Healthy teeth and gums play an important role in the ongoing good health and wellbeing of your animal companion.  Periodontal (dental) disease is the most common disease of pets today with 80% of dogs and cats over age three having some form of dental disease. The main cause of halitosis (bad breath) in dogs and cats is periodontal disease and, left untreated, this medical condition can cause tooth loss and damage the heart, liver, lungs, and kidneys.  Dental disease, including gingivitis (inflamed gums) and abscessed or fractured teeth, are painful, although your pet may not show pain until the problem is severe.

Periodontal disease begins when mouth bacteria form plaque, a substance that sticks to tooth surfaces.  Minerals found in saliva harden the plaque into dental calculus (tartar), which is firmly attached to the teeth.  As plaque and calculus spread under the gum line, bacteria secrete toxins that can result in gingivitis and/or periodontitis (bone loss or gum recession around the teeth).  Periodontal disease can’t always be properly evaluated or treated in dogs and cats without general anesthesia.  Dental prophylaxis (disease prevention) under general anesthesia includes:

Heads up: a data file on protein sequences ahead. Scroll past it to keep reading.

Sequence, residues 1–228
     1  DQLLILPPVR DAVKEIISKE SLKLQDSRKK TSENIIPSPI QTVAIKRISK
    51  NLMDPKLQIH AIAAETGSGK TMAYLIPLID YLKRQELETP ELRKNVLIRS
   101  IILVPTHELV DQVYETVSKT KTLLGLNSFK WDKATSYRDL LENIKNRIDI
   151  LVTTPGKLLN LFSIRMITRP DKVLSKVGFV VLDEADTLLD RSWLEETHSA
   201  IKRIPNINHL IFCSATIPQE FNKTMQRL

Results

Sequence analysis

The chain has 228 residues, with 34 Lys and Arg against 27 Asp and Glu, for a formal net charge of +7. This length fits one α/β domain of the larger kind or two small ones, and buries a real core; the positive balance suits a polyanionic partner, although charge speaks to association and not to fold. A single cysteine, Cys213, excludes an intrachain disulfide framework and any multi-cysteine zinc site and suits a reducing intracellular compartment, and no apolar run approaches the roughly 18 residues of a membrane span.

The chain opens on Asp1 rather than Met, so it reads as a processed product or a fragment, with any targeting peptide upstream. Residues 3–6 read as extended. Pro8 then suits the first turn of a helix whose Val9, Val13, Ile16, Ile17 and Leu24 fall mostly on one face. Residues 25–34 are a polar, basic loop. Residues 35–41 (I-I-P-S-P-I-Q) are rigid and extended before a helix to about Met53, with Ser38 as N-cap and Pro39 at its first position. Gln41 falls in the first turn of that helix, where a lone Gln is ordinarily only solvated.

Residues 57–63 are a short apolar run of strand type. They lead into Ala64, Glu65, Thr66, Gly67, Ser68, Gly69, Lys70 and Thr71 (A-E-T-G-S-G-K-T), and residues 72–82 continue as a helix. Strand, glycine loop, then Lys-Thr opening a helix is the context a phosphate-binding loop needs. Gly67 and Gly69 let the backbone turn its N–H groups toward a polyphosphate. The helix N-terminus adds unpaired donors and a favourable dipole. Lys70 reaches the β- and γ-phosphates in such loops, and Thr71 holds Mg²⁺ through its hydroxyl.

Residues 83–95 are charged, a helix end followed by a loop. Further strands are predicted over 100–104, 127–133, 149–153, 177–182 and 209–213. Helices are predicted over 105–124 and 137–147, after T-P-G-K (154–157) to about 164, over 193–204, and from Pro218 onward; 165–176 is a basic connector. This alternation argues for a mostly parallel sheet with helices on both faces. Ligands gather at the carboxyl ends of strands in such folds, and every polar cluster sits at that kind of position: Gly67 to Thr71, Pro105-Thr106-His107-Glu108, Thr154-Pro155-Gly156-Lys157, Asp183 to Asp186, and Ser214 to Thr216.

• A complete exam of the teeth, gums, tongue, and lips that may not have been possible while your pet is awake
  • Supragingival scaling – the removal of plaque and calculus seen above the gum line. This is done with an ultrasonic scaler that is very similar to the one used in human dentistry
  • Subgingival scaling – a thorough cleaning of teeth under the gum line to remove disease-causing bacteria
  • Polishing – smooths out the roughness of teeth caused by scaling to help prevent calculus from adhering to the tooth surface
  • Rinsing – to remove debris caused by scaling and polishing

Depending on what is seen during a complete mouth exam and cleaning, our veterinarians may decide it’s necessary to take dental radiographs (x-rays), extract broken or diseased teeth, and/or apply an antibiotic gel into infected gum pockets.

Proper dental care is an extremely important part of your pet’s overall health. Mona’s Dental Day video, which documents a dental prophylaxis, provides insight into all of our protocols and safety measures to help ensure your pet is medically stable and comfortable while in our care.  After any dental problem areas are addressed, we’ll help you establish a pet dental care routine that includes regular brushing, rinsing, and/or the use of dental chews.

For more information about the periodontal disease or to schedule a dental prophylaxis appointment, please call us at 630-598-0600.